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Trump Administration Wants North Korea At Negotiating Table On Nuclear Weapons

Secretary of State Rex Tillerson in the George C. Marshall room at the State Department on Thursday.
Ariel Zambelich NPR
Secretary of State Rex Tillerson in the George C. Marshall room at the State Department on Thursday.

Secretary of State Rex Tillerson says the Trump administration is open to direct talks with North Korea as long as the agenda is right — that is, denuclearizing the Korean Peninsula.

As he prepared to chair a U.N. Security Council meeting on the subject, Tillerson sat down with NPR's Steve Inskeep to explain his approach. The secretary says North Korea has to come to the table willing to talk about giving up its nuclear weapons.

"You know if you listen to the North Korea, their reason for having nuclear weapons is they believe it is their only pathway to secure the ongoing existence of their regime," Tillerson explained. "We hope to convince them is that: you do not need these weapons to secure the existence of your regime. ... We do not seek a collapse of the regime. We do not seek an accelerated reunification of the peninsula. We seek a denuclearized Korean peninsula," he stressed, adding he believes that China shares this goal and is beginning to question whether North Korea is a "liability."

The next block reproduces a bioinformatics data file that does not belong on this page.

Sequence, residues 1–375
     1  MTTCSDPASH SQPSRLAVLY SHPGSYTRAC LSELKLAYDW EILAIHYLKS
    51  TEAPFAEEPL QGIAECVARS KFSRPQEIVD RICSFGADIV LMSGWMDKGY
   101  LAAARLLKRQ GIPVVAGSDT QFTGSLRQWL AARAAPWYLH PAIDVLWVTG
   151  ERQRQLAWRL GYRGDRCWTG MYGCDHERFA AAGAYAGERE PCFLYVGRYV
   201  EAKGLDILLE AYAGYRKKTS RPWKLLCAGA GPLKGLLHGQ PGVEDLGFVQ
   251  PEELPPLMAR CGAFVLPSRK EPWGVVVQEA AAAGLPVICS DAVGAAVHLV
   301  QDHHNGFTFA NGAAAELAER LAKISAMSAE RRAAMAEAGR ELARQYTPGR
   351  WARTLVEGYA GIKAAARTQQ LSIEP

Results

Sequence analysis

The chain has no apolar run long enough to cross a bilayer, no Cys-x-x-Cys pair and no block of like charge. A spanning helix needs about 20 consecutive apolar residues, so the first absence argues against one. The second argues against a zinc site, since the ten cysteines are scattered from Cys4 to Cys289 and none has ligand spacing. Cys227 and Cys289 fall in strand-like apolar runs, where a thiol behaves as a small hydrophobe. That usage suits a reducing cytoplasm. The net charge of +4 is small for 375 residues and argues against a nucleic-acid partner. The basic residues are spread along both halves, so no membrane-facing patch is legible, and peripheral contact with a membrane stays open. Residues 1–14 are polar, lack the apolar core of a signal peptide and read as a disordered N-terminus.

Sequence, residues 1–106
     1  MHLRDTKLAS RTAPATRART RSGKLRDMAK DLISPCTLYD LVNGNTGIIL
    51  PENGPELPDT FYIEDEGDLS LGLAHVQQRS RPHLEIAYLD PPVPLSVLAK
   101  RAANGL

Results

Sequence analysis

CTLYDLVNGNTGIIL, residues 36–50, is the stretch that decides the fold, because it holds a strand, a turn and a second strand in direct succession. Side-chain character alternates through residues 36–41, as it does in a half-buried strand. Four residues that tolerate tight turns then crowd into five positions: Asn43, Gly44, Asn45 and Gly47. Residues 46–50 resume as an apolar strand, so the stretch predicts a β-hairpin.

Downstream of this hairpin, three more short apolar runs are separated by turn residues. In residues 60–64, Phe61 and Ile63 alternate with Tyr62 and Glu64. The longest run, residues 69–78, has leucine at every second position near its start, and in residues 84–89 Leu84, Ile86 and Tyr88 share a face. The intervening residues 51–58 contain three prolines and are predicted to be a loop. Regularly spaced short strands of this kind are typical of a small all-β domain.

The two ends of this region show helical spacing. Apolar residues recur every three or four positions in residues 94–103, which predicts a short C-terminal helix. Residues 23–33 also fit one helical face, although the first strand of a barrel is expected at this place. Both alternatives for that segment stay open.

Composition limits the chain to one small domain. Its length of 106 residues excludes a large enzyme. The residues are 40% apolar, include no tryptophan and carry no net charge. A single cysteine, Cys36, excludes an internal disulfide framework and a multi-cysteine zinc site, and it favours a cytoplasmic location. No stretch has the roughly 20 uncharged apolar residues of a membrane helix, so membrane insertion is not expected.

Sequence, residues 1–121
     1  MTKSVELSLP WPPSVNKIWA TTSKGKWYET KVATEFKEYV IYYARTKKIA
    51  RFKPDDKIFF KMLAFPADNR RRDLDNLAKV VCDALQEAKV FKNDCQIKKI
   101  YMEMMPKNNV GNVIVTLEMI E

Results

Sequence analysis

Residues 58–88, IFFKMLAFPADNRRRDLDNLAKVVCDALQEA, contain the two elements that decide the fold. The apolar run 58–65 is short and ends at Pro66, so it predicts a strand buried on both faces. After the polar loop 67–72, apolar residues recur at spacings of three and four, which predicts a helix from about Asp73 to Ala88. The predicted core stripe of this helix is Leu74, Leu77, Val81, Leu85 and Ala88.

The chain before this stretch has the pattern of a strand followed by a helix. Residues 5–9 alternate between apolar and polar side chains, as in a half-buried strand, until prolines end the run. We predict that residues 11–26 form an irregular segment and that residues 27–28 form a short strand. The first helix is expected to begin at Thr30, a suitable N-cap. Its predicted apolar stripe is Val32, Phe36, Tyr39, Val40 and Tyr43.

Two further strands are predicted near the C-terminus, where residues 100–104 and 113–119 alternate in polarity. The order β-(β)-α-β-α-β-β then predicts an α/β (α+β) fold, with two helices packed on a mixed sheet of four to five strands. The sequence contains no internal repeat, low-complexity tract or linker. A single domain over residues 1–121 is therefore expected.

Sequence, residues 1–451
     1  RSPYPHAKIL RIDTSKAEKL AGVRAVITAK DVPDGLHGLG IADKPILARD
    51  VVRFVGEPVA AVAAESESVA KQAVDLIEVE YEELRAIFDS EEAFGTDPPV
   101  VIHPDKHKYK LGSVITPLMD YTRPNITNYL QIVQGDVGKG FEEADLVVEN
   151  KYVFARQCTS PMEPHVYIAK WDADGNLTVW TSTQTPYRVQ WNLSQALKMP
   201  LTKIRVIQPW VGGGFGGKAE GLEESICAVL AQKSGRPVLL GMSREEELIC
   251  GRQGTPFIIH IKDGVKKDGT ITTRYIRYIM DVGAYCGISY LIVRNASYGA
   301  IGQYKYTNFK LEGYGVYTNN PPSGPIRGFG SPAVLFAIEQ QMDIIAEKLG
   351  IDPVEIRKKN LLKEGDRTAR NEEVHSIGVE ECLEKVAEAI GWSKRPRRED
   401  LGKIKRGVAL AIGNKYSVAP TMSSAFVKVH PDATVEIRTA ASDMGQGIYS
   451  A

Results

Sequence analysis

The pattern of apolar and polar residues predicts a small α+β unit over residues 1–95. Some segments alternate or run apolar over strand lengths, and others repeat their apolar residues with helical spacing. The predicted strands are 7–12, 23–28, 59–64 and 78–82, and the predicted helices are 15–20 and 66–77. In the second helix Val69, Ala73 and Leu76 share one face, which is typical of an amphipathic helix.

The Trump administration called the U.N. Security Council meeting not to pass a new resolution, but rather to highlight the need for members, including China, to do more to enforce the sanctions already on the books. Tillerson is to meet his Chinese counterpart in New York Friday.

In the interview, Inskeep asked the former ExxonMobil CEO turned secretary of state whether he has a mission statement now for the State Department. Tillerson said it is "to provide the national security needs of the American people and to advance America's economic interests around the world." He admitted it has been slow going to fill top jobs at the State Department, but Tillerson said he's relying on career officials and launching a survey of 75,000 employees across the globe, as he tries to reorganize.

Asked if his past business dealings and relationships with Russian officials are helpful, Tillerson said they at least "don't have to figure out who this guy Rex Tillerson is because they've dealt with me for so many years. Perhaps that's helpful in that my ability to communicate is very straightforward very candid. It's not nuanced because I have found in dealing with the Russian leadership in the past that is what they respect."

When he was in Moscow earlier this month, he said U.S.-Russian relations are at the lowest point since the Cold War. The Russians, he told NPR, agreed with that assessment. "We didn't solve anything in that meeting," Tillerson said, adding that Russia has to decide whether it wants to be "a positive part of the global world order not a disruptive part."

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